Tabbigai Gap was on crown land, and Adamson registered with the Lands Department. As the area was largely unused, they allowed him to stay, and charged him a few pounds a year for rent.
Adamson described his residence as a ‘holiday home’, although he stayed there frequently.
Other people lived on the Peninsula more permanently.
During the Great Depression, an unemployment camp was established across the bay at La Perouse. Known as ‘Happy Valley’, this provided temporary accommodation for thousands of unemployed people.
When Happy Valley filled up, new arrivals spilled into the surrounding areas. Many made their way across to Kurnell Peninsula, to squat.
Among these was Charles Hay. Hay also fashioned his own clifftop residence out of a rocky sandstone ledge, north of Tabbigai Gap.
‘The house is one long room, homemade beds at one end. At the far end is the kitchen with an oven, which is really a metal drum set in concrete.
Wide doors and windows give a clear view of the Pacific, from the dining room table. The walls are of stone, chiselled from the rock.’
– ‘The Sun’, March 1934
Hay lived there with his 77 year old mother; like Adamson, he paid a small annual fee to the government for the site.
The Sun called it, ‘the first house on the left’, as you sailed into Australia.
But the bulk of the peninsula’s residents were not as well established as Adamson and Hay. Most of the other dwellings were shacks knocked together from scrap; the humpies seen in other parts of Sydney.
There was another influx of residents after World War II. By the 1950s, there were about 100 homemade houses across the peninsula.
In 1953, Captain Cook Drive opened. This was a sealed road running to Cronulla, the first proper land connection between Kurnell and the rest of the city. Shortly afterwards, Shell established an oil refinery on the north coast.
Both the road and the refinery brought a much higher volume of people to the area.
In 1962, Adamson retired, and moved to Tabbigai full time. This had long been his dream, but the peninsula was changing.
There were now walking tracks in the area, and much more foot traffic. Litter became a problem, and also hygiene; for a long time, there were no public toilets.
People raced their vehicles along the empty sandstone clifftops, scaring away animals and harming the native plants.
Some passers-by could not resist poking around Adamson’s house. It was broken into on a number of occasions, and his possessions stolen or damaged.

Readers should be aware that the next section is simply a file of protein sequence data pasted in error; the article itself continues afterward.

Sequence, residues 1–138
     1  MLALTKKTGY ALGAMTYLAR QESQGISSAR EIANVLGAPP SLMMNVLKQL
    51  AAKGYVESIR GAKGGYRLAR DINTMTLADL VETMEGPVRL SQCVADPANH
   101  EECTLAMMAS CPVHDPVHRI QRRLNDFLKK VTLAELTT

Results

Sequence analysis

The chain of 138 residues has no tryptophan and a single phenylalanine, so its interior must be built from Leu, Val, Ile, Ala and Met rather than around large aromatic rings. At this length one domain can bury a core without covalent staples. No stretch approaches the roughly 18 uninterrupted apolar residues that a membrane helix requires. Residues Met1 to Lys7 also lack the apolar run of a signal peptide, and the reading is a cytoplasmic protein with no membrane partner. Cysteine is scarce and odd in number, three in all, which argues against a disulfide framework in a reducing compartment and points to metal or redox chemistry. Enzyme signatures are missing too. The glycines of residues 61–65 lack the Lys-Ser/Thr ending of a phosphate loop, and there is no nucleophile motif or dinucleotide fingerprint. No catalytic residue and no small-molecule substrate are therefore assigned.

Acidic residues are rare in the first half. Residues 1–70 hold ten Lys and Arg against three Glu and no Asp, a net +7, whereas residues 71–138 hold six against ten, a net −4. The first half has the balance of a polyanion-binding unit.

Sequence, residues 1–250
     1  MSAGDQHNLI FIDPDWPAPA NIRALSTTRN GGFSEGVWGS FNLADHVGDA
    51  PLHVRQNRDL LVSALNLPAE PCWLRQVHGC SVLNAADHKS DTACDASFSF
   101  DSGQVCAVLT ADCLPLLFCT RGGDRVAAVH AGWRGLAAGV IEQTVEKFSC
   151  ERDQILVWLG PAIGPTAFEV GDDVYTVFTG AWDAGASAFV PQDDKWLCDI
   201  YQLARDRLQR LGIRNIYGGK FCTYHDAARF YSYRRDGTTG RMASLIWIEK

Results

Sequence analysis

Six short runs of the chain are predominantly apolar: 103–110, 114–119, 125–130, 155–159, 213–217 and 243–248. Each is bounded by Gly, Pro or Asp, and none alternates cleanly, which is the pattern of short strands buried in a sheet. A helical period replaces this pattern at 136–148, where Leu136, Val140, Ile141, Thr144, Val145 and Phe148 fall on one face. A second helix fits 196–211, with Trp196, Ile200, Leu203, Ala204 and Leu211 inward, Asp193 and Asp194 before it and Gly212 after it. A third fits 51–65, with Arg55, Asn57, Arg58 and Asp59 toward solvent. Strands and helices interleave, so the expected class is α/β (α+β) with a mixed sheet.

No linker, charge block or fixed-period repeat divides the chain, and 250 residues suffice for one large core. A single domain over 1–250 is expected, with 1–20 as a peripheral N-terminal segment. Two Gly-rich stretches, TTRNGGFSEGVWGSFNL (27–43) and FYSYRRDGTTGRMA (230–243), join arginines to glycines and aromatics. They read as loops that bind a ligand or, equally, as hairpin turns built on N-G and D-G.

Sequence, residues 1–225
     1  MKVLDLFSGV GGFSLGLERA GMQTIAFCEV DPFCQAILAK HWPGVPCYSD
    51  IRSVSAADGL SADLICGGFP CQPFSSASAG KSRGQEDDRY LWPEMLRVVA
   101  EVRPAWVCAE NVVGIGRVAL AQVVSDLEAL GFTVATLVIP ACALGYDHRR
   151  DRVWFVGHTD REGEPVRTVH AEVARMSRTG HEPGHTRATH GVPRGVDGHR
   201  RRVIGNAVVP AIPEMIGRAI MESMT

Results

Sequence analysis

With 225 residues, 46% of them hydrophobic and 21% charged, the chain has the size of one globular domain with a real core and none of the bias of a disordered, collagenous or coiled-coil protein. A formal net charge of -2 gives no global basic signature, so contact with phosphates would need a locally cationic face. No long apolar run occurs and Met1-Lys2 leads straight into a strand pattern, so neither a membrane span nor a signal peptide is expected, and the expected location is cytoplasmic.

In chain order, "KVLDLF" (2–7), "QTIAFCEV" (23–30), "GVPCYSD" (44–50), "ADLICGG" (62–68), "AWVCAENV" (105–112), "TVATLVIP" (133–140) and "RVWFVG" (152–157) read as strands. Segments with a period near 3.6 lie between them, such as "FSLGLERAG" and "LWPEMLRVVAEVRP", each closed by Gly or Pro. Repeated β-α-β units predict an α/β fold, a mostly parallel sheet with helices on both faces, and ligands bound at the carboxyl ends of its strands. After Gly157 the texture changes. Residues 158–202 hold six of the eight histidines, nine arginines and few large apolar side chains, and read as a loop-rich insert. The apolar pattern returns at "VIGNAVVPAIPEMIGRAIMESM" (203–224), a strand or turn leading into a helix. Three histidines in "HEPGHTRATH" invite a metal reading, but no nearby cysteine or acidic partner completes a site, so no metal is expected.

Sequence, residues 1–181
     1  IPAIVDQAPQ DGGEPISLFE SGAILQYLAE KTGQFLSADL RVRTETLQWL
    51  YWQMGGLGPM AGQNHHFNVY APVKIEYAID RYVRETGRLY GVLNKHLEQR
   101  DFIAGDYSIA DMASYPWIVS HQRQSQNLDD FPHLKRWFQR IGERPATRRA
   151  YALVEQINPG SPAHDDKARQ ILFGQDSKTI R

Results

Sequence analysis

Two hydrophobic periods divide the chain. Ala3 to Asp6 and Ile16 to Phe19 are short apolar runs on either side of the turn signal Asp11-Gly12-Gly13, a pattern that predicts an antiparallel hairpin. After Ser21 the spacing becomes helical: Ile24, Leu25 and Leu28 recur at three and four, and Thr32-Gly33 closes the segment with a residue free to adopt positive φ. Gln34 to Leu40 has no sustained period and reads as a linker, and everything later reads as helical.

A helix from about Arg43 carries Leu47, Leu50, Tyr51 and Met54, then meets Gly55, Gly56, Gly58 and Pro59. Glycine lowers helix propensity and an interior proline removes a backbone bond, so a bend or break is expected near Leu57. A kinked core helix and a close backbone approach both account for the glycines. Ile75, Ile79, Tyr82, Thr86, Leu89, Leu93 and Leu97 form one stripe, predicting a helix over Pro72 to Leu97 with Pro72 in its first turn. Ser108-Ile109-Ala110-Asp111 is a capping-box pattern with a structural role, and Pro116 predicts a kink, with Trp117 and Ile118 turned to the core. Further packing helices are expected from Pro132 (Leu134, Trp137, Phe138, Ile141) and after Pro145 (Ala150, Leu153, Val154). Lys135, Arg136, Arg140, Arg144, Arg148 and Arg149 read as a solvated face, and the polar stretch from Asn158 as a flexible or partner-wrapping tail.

In 1963 his battery set up, used to provide electric lighting, was taken. Adamson then added a combination lock to his front door; this was wrenched off by intruders, and his house vandalised.
Someone even took a shot at him with a rifle, from the cliff opposite.
From the government’s perspective, there was an even more serious problem: several visitors fell from the clifftops, and drowned.
In 1969, the NSW Department of Lands decided to clear the peninsula of residents. Health and safety concerns were the catalyst, they also wanted to turn the area into a state park, which precluded most development.
Eviction notices were issued to the people still living there, who gradually began to vacate. As they left, the government demolished the houses they left behind.
But Adamson was reluctant to go; by that time, he had been living on and off at Tabbigai for more than 50 years.
He had continued to improve his house, installing large timber buttresses to better secure it to the cliff face, and building an ingenious plumbing system powered by rainwater filtered through charcoal. A fenced trail lead from the clifftops, to his door.
He complained to the press, ‘Why push me out and wreck all this?’
The government relented for a time. Adamson was allowed to continue living on the peninsula into the 1970s, the last of the area’s cliff dwellers.
Adamson’s hand was eventually forced by another act of vandalism.
An abandoned car was pushed off the top of Tabbigai Gap, deliberately crashing it onto his roof, and causing significant damage to the property.
By this time in his 70s, Adamson was no longer capable of completing the repairs himself. He had no choice but to move, although he lamented leaving his unique location behind:
‘I’ve seen blue gropers down there so big you had to be careful they didn’t pull you in. And lobsters like kittens, you could catch ‘em with your hands.
And sharks, whales, sea lions, right down there. Strike me lucky, there used to be wildflowers all over the bush, Christmas bells, and wild pit ponies.’
– Bert Adamson
Although by the time he left, the wildflowers and pit ponies were long gone.
In 1977, Adamson moved to a house in Carss Park. He died in 1981.
The Cape Bailly hiking track now passes Tabiggai Gap. Adamson’s house is commemorated by a small photographic plaque; the expanded shelf it sat on is still prominent, no other physical trace of it remains.